Mahone, William (01 December 1826–08 October 1895), soldier, railroad executive, and politician, was born in Monroe, Virginia, the son of Fielding Mahone, a merchant, and Martha Drew. After studies at Littletown Academy, William entered the Virginia Military Institute in 1844. He graduated in 1847 and afterward taught at the Rappahannock Academy. At the end of the 1848–1849 academic year, he was appointed surveyor of the Orange and Alexandria Railroad. He remained in this post until 1852, when he was appointed chief engineer of the Fredericksburg and Valley Plank Road. He left that company one year later to accept the post of chief engineer of the Norfolk and Petersburg Railroad; in April 1860 he was elected president of the company. In 1855 he married Otelia Butler. Only three of the couple’s thirteen children reached maturity....

Article

Ransom, Matt Whitaker (08 October 1826–08 October 1904), U.S. senator, soldier, and diplomat, was born in Warren County, North Carolina, the son of Robert Ransom and Priscilla Whitaker, planters. In 1847 Ransom graduated from the University of North Carolina, where he had read law. Admitted to the bar the same year, he established what became a thriving practice in Warrenton, North Carolina. In 1852 the state legislature named him the state’s attorney general, a post from which he resigned three years later. In 1853 Ransom married Martha Anne Exum and thereafter resided on a plantation she owned in Northampton County. The couple would have eight children. Prior to emancipation, their holdings included more than eighty slaves....

Article

Toombs, Robert Augustus (02 July 1810–15 December 1885), U.S. senator, Confederate cabinet member, and Confederate general, was born near Washington in Wilkes County, Georgia, the son of Robert Toombs, a successful planter who had served in the American Revolution, and Catharine Huling. In 1824 “Bob” Toombs entered Franklin College in Athens (now the University of Georgia) but in January 1828 was dismissed by the faculty for unspecified reasons after various incidents. He enrolled at Union College, Schenectady, New York, graduating that summer, and spent a year at the University of Virginia Law School, where he tied for bottom place in his class of fourteen. Despite his lack of academic distinction, his social connections enabled Toombs to establish himself quickly. In 1829 the Georgia legislature passed a bill allowing him to practice law while still a minor. In 1830 he married Julia Ann DuBose, the daughter of a wealthy planter and sister of his half-brother Lawrence’s wife. They had three children, two of whom survived infancy. The couple were lavish hosts in the nation’s capital and at home, and Toombs enjoyed all the luxuries of one of the elite of the Old South....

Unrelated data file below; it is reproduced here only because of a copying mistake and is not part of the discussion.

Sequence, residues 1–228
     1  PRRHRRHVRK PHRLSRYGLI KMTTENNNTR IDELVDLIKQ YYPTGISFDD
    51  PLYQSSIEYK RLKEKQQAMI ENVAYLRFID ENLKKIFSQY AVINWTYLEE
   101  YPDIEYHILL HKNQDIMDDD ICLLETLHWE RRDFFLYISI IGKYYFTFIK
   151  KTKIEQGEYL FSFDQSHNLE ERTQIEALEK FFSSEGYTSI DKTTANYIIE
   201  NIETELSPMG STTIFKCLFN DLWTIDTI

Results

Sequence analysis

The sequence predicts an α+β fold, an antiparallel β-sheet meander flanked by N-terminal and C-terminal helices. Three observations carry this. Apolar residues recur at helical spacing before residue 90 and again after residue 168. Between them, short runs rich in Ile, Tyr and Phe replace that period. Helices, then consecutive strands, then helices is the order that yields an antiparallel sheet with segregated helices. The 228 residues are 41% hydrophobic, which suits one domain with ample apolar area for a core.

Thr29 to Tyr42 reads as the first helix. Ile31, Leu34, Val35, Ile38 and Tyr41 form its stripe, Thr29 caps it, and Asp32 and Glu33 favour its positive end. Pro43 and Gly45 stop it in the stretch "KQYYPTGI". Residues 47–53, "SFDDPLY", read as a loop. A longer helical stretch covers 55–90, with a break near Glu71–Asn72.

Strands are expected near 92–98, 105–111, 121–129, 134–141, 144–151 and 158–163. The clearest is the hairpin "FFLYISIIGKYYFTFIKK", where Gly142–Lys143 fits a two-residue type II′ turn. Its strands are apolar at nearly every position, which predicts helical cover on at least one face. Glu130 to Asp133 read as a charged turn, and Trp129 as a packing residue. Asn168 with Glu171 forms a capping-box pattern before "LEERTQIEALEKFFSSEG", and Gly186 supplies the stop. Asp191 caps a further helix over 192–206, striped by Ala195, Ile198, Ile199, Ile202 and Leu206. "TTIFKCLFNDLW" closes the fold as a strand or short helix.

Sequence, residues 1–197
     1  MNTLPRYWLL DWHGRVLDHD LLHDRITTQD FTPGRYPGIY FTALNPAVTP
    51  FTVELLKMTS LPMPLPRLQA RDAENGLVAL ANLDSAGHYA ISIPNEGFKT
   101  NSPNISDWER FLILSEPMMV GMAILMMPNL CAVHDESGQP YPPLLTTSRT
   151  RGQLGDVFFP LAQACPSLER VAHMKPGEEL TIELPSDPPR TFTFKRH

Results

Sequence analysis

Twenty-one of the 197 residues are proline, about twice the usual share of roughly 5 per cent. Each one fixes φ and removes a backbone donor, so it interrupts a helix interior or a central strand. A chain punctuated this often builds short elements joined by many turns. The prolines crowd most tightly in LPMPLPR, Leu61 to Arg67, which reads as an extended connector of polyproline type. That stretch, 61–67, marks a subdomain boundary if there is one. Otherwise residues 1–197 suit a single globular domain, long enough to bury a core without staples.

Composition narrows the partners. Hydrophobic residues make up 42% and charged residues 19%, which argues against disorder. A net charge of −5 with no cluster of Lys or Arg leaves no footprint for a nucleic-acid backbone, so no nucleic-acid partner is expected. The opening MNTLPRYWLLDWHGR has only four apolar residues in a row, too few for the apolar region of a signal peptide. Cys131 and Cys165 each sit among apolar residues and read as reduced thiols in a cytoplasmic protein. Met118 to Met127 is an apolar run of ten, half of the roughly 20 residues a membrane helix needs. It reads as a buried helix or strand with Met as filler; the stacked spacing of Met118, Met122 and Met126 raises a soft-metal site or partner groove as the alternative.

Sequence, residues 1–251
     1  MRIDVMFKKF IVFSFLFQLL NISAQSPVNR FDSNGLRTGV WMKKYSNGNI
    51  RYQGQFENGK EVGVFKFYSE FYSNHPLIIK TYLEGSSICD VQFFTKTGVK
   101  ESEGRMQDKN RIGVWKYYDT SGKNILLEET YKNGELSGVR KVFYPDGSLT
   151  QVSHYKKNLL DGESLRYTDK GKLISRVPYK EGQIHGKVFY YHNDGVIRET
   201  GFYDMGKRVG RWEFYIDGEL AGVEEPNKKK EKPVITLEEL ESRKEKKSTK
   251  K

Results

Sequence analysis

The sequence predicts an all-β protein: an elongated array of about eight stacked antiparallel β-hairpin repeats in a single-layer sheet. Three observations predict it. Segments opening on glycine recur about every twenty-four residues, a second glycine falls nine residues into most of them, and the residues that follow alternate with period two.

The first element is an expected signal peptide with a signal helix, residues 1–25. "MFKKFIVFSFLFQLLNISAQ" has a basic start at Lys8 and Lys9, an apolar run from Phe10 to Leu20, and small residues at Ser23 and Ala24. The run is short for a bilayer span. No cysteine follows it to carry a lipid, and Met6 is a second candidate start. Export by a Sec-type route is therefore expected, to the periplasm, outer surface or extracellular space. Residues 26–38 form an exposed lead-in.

Image

Edward Cary Walthall. Courtesy of the Library of Congress (LC-USZ62-93460).

Article

Walthall, Edward Cary (04 April 1831–21 April 1898), Confederate general and U.S. senator, was born in Richmond, Virginia, the son of Barrett White Walthall, a merchant, and Sally Wilkinson. When Barrett White Walthall went bankrupt in 1841, he moved his family, including ten-year-old Edward, to Holly Springs, Mississippi. The young Walthall received a traditional education at St. Thomas Hall, an Episcopal church school in Holly Springs. From his experience on the debate team, he decided to enter the law. After reading law with his brother-in-law, George R. Freedman, in Pontotoc, Mississippi, and being admitted to the bar of Mississippi in 1852 at age twenty-one, Walthall served briefly as the deputy clerk to the circuit court in Holly Springs. He then moved to Coffeeville, Mississippi, in the north central part of the state, where he entered private practice. In 1856 the people of the Tenth Judicial District of Mississippi elected Walthall district attorney. Also in 1856 he married Sophie Bridges, who died within the year. Walthall repeated this pattern of election and marriage three years later, when in 1859 the people of the Tenth District again elected him district attorney and he married his second wife, Mary Lecky Jones. Neither marriage resulted in children, although Walthall adopted the daughter of his second wife....